Jungels hasn't been at his very best since the spring of last year, so a string of results are imperative if he wants a contract his talents deserve.

Pieter Serry

Age: 31

Tours raced: 0

Top result: N/A

Tour pedigree: The Belgian is a recognized climber with valuable Grand Tour experience, but early indications suggest that Serry will head to the Giro d'Italia, rather than the Tour de France. That shouldn't come as a huge surprise given the fact that he's never raced the Tour and that his 10 Grand Tour starts have been split equally between the Giro and the Vuelta.

Not bringing the 31-year-old to the Tour would be further indication of how the team will use the French Grand Tour to prep their cobbled Classics riders for later in the season, while also assuming that Alaphilippe can take of himself in the mountains.

Zdenek Stybar

Age: 34

Tours raced: 2

Top result: 102nd, 2017

Tour pedigree: Štybar is another rider with plenty of Grand Tour experience with stage wins in the Tour and the Vuelta to his name. The 34-year-old will perform multiple numbers of tasks at the Tour, from chasing breaks, setting up sprints, splitting the field in potential crosswinds and trying to infiltrate attacks during intermediate stages.

Once again though, the Tour will be used to prepare for the Classics but no one should assume that a rider of Štybar's calibre will just soft-pedal through France for three weeks. There's no certainty that any of the races in will take place either pre or post Tour de France, and with everyday counting more than ever riders like Štybar will race on the front foot from the word go.

Michael Mørkøv

Age: 35

Tours raced: 4

Top result: 93rd, 2012

Tour pedigree: The veteran Dane will make the Tour de France team, of that there's little doubt. He has an arsenal of experience to call upon and it will all be vital as Bennett's leadout man.

He can also swap roles with Archbold depending on the circumstances of the finale and the route, while there's also a role for him when it comes to protecting Alaphilippe.

Kasper Asgreen

KUURNE BELGIUM MARCH 01 Arrival Kasper Asgreen of Denmark and Team DeceuninckQuickstep Celebration during the 72nd KuurneBrusselKuurne 2020 a 201km race from Kuurne to Kuurne KBK20 KuurneBxlKuurne KBK on March 01 2020 in Kuurne Belgium Photo by Tim de WaeleGetty Images

Kasper Asgreen won Kuurne-Brussel-Kuurne this season (Image credit: Getty Images Sport)

Age: 25

Tours raced: 1

Top result: 122nd, 2019

Tour pedigree: The Dane is one of the team's biggest threats when it comes to breaks, finishing second behind Matteo Trentin on the road to Gap during last year's Tour and taking a solo win at Kuurne-Brussel-Kuurne this season.

With no flat time trial or TTT to aim for, Asgreen will be used to help Alaphilippe on the flat and intermediate stages and it could be those terrains on which the Frenchman launches the main assault on his GC rivals.

Fabio Jakobsen

Age: 23

Tours raced: 0

Top result: N/A

Tour pedigree: Jakobsen won two stages during this Grand Tour debut in last year's Vuelta a España but with Bennett set for the Tour de France there's little chance of Patrick Lefevere complicating matters by selecting two sprinters. 

Instead, Jakobsen will head to the Giro Italia unless Bennett suffers an injury or dramatic loss of form.

Iljo Keisse

Age: 37

Tours raced: 1

Top result: 139th, 2016

Tour pedigree: The 37-year-old has been spared Grand Tour duties in recent years with his last three-week outing coming at the 2017 Giro d'Italia. However, with so many races condensed into such a short period every rider with experience will be expected to suit up and pitch in.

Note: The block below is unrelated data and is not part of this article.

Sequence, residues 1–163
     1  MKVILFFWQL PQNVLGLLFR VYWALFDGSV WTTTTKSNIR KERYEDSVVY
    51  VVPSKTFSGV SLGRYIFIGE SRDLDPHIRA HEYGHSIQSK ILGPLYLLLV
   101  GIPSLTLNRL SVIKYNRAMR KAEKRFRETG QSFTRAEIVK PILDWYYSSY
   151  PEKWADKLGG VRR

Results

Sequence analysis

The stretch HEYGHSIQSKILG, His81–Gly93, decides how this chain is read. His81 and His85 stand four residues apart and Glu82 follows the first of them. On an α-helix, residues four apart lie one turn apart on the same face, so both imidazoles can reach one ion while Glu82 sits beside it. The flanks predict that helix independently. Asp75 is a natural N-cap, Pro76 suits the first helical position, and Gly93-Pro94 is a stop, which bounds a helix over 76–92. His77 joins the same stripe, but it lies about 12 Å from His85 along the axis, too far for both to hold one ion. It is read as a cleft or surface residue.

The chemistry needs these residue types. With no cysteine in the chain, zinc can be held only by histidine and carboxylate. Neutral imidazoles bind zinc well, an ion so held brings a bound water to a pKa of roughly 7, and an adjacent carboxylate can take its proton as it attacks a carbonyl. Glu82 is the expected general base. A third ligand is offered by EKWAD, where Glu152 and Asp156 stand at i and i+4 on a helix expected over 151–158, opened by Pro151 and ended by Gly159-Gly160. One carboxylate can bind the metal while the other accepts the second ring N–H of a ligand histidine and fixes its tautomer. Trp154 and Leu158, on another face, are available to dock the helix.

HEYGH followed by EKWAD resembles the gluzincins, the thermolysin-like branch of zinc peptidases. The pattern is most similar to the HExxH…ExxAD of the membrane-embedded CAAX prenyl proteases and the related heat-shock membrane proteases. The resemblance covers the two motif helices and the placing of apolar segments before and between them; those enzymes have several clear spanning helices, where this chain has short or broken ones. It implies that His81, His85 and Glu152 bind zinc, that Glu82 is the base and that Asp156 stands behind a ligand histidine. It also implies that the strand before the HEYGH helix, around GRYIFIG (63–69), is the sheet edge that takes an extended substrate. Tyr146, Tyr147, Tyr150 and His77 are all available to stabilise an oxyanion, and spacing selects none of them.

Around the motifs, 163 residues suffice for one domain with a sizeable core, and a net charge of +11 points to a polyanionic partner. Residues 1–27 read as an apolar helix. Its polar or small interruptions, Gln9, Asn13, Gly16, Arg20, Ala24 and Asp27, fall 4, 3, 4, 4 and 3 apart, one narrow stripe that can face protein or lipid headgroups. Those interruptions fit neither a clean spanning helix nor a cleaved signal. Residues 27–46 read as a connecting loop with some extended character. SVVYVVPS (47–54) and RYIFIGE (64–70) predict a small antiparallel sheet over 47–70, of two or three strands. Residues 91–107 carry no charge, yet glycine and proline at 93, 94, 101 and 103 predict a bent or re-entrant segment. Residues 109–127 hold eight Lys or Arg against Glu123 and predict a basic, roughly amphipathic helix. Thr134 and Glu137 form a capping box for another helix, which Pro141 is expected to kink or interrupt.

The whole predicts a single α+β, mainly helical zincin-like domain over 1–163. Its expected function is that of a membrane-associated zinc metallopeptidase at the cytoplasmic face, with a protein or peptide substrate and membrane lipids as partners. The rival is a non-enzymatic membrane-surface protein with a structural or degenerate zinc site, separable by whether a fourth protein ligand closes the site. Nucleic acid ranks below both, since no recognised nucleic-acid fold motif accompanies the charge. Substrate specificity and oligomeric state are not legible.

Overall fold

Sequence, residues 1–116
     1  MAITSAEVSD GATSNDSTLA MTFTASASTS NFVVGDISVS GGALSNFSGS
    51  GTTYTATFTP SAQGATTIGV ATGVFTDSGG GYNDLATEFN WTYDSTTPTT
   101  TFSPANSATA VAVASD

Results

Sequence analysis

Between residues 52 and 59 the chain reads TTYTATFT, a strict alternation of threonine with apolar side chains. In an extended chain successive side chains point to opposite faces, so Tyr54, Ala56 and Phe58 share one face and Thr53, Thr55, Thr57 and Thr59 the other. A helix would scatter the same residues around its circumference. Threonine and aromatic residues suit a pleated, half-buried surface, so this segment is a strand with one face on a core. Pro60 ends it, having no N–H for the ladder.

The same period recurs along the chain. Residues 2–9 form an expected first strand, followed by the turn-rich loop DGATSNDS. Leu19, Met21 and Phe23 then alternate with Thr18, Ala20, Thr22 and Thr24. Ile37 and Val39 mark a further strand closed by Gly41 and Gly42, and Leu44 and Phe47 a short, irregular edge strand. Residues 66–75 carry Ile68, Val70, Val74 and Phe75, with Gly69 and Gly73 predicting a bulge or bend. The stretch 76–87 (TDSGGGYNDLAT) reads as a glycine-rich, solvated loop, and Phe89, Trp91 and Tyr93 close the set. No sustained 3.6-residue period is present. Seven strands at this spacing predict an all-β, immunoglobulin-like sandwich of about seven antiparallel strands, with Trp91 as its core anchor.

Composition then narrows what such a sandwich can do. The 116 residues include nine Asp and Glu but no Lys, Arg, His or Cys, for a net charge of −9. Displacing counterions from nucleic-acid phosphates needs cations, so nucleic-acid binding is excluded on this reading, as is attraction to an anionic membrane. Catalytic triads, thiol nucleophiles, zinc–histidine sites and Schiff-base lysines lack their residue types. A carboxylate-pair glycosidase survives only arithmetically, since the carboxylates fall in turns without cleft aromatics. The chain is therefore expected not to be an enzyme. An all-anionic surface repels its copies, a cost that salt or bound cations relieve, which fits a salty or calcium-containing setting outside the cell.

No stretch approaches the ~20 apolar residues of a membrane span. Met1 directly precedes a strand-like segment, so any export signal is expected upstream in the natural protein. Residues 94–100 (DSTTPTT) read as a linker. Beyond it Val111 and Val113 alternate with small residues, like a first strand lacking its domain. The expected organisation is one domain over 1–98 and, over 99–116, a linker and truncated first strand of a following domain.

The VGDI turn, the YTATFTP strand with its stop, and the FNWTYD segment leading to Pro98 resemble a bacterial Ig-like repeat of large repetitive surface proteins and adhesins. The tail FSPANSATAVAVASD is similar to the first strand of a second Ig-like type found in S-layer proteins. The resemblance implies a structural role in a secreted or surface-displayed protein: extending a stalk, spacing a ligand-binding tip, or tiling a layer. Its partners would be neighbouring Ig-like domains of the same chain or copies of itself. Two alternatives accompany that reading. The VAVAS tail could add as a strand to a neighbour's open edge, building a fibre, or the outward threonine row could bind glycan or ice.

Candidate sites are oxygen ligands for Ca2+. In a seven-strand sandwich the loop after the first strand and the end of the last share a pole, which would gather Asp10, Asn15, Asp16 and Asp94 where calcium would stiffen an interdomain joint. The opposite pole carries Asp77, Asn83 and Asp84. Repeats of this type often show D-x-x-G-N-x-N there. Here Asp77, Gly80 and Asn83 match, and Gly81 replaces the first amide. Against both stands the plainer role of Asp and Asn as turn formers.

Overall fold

At this stage, Keisse is set to ride the Giro d'Italia, but he could just as easily perform at the Tour as he chases down breaks and sits on the front of the peloton for hours on end.

Tim Declercq

Tim Declercq

Tim Declercq in his usual role at the front of the peloton at Paris-Nice (Image credit: Getty Images Sport)

Age: 31

Tours raced: 1

Top result: DNF, 2018

Tour pedigree: The Belgian is one of the most valuable domestiques in the WorldTour but his Grand Tour experience is relatively limited given his age. That's down to the fact that the first half of his career was spent in the Pro Continental ranks but he's stepped up since joining Lefevere's team and is often vital in the Classics success.

Whether he makes the Tour de France team is unclear. The team will be reluctant to chase down every break on their own and some riders could collectively cover Declercq's workload if they are pooled together. However, the Belgian offers such a huge comfort blanket when it comes to riding on the front that he might be deemed too valuable to leave at home.

Florian Sénéchal

Age: 27

Tours raced: 2

Top result: 135th, 2015

Tour pedigree: The Frenchman has two Tours to his name but neither came in the colours of Deceuninck-QuickStep.

That run is likely to extend into 2020, unless Bennett has problems and the team feel that altering Jakobsen's current schedule is too disruptive. 

Sénéchal is fast and he could play a major role in the Classics later this year but his Tour chances are likely to be put on hold for the time being.

Dries Devenyns

Age: 37

Tours raced: 5

Top result: 46th, 2011

Tour pedigree: The 37-year-old, who won the Cadel Evans Great Ocean Road Race in January, is a better Grand Tour rider than many people give him credit for. He's a dependable climber with nine finishes from ten Grand Tour starts.

If selected – and he's provisionally down on the eight-man roster – then the Belgian will occupy the Deceuninck-QuickStep engine room for the full three weeks. He'll do all the work that TV cameras often don't capture, but his role will be vital all the same.

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Daniel Benson was the Editor in Chief at Cyclingnews.com between 2008 and 2022. Based in the UK, he joined the Cyclingnews team in 2008 as the site's first UK-based Managing Editor. In that time, he reported on over a dozen editions of the Tour de France, several World Championships, the Tour Down Under, Spring Classics, and the London 2012 Olympic Games. With the help of the excellent editorial team, he ran the coverage on Cyclingnews and has interviewed leading figures in the sport including UCI Presidents and Tour de France winners.